Hardiman: Nashville, Altman, Slacker — those things are really important to me. I love ensemble dramas. You know, cinema, generally, is going to tell the story of two or three people, but occasionally, you get these filmmakers who are like, “I want to tell the story of an entire city. I want to tell the story of an entire community.” And I just find that incredibly exciting. That kind of broader canvas, that level of ambition where you're really shooting for the stars. In terms of meeting characters and being in the space with characters, I've thought for a long time. In a film, traditionally you'll have backstory, or you'll have someone who announces themselves, whereas my experience of meeting people is that you don't tell someone your entire backstory when you meet them. You create a portrait of someone through the little things that they say and the time that you're spending with them. That's how I approach filmmaking, and that's how I approach inhabiting spaces with characters. I feel like it comes from a place of reality, actually. So hopefully, the seamlessness of going between people is reflective of actual, genuine life experience because this film is on this knife edge between reality and incredibly heightened absurdism. And that's also something I love. I feel like realism is an interesting thing because a lot of people associate realism with something that's quite dour. And yet you happen to be with people sometimes when they are in the saddest moment of their lives, and it's so strange how comedy is used in those situations to lighten the moment. And I feel like comedy is almost the most realistic art form. We'll probably laugh a few times during this interview. It's just a way of humans interacting with each other that's sometimes not associated with realism in the way that I think it should be.
On the Themes of Medusa Deluxe
disappointment: I think one of my favorite moments in the film is when Clare Perkins’s character talked about how hairstyling was this service profession, but it has allowed her to do something meaningful and beautiful. Why do you think the message of lower-to-middle class workers taking what are effectively crafts and turning them into art is so resonant?
Hardiman: I genuinely want to put hairdressing specifically on a pedestal. But I guess there's something that's reflecting on my family in this film. My mum's an Irish immigrant, so it is kind of like the characters in this film are my family. She grew up in East London, which was going through a pivotal time during her lifetime. There was a lot of immigration, so my family is incredibly diverse. So it's trying to find a way to tell stories that can be inclusive and reflective of modern Britain. At the same time, it's giving the respect that I feel a lot of crafts deserve. I hate this kind of, “This can be in a gallery, or this can be in a cinema, or this can be in a book,” culture. I just think it's rubbish. I think that all these people are singing from the same hymn sheet and deserve the same level of respect we give any other art form. Specifically with hairdressing, Eugene Solomon, who did the hair on this film, he's a very famous hairdresser, and I think the best hairdresser in the world. And I begged him to do this film. But when you look at the way he's crafting hair, he's working with the exact same kind of creative framework that a contemporary sculptor works with. He's doing the same thing. And that's what I want to shout from the rooftops. I want to say that all this craft and passion that people have for their industry, I have a real respect for it. Like when someone gets into weaving and then you have a conversation with them about weaving, there's an entire history there. There's an entire world, and suddenly, not only do you learn about their incredible weaving, you learn about them as a person. You understand why they did this, and I love those things as a conduit to character and personality.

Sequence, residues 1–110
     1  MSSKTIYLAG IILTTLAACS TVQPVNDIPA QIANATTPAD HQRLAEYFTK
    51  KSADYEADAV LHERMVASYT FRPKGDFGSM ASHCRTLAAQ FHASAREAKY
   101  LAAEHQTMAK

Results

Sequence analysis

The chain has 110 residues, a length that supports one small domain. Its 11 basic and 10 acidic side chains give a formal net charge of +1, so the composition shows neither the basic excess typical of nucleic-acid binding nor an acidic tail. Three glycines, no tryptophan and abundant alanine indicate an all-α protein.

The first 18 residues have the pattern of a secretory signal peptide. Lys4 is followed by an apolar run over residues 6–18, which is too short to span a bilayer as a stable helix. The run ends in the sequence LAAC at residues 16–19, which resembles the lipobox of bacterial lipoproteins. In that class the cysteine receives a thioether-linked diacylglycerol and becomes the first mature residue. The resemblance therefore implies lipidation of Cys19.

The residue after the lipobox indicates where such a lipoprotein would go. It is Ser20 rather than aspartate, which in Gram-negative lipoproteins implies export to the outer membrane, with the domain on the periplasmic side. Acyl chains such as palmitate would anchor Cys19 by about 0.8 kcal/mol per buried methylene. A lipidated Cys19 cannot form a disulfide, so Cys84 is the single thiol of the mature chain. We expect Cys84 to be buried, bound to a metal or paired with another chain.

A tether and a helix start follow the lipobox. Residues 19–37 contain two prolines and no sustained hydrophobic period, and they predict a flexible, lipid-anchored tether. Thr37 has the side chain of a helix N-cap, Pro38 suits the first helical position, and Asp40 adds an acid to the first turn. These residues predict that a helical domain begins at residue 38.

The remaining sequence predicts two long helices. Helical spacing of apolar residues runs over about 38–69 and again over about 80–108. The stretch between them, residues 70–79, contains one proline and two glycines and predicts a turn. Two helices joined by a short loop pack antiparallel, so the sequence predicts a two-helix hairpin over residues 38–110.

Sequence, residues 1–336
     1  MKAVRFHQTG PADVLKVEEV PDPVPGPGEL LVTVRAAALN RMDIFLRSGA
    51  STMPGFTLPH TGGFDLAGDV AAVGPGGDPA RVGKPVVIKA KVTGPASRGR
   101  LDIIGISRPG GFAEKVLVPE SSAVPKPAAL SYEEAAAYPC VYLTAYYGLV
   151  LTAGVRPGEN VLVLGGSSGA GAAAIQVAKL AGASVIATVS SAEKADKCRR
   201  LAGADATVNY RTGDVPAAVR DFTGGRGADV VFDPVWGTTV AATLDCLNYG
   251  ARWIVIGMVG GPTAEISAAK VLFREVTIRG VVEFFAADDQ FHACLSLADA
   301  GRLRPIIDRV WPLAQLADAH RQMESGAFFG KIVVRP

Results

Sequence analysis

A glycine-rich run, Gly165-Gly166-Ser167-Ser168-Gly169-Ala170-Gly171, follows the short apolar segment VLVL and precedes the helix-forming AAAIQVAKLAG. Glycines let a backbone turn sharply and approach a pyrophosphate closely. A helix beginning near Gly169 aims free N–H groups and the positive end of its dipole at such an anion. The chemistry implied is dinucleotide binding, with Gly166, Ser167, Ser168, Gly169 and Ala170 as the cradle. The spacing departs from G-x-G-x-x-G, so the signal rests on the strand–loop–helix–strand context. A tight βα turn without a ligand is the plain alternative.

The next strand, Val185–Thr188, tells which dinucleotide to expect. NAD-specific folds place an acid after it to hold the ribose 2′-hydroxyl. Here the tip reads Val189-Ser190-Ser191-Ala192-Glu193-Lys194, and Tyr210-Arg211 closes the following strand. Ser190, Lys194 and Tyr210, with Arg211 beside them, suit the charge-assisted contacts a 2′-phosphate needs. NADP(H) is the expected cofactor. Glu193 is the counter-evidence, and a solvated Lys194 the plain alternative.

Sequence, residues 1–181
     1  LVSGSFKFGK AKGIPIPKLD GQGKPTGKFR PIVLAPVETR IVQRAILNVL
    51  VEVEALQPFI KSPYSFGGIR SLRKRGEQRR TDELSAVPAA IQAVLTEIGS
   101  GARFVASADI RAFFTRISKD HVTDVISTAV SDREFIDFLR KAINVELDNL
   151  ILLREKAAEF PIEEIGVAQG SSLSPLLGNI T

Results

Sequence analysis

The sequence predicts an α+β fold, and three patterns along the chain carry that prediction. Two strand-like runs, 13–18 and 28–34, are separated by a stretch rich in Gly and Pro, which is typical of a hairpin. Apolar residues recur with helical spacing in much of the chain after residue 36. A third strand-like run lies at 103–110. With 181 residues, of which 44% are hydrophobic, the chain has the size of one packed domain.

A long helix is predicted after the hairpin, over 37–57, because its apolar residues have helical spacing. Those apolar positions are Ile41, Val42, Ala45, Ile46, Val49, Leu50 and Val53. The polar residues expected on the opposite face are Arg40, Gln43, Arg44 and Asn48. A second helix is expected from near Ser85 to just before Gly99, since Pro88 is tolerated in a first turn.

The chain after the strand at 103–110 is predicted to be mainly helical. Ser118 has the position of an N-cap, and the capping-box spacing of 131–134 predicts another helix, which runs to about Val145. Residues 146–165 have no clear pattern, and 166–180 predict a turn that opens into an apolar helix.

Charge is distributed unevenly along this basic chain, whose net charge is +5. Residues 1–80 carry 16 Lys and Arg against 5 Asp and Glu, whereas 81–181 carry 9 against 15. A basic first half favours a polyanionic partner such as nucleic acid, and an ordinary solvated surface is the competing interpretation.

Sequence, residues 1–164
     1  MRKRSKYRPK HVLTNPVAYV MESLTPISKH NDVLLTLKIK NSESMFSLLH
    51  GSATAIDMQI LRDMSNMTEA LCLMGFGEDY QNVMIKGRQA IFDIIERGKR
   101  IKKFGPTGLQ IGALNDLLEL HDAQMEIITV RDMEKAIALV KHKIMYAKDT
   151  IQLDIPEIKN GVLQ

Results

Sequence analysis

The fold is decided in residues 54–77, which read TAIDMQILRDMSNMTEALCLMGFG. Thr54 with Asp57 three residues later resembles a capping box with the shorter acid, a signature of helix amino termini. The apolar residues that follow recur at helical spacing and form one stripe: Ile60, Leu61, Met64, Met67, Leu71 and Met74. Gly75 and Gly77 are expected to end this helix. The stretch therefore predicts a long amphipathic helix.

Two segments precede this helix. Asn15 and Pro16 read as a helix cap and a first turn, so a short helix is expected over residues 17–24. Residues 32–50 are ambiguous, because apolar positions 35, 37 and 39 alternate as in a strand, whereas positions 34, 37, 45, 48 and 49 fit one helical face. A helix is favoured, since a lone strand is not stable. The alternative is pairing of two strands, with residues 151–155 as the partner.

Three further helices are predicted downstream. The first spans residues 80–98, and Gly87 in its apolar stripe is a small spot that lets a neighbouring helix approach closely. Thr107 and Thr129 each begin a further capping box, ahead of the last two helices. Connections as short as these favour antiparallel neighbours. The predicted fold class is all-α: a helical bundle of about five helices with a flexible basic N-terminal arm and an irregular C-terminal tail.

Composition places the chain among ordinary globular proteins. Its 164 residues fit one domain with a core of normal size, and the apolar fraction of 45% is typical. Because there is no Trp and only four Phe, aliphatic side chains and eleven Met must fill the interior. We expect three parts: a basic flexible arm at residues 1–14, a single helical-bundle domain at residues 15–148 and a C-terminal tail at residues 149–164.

disappointment: Obviously salon gossip plays a big role in Medusa Deluxe, but I think gossip and murders go hand in hand as well. Like when there’s a death, people often start to spread rumors. How did your film explore this macabre connection between death and gossip?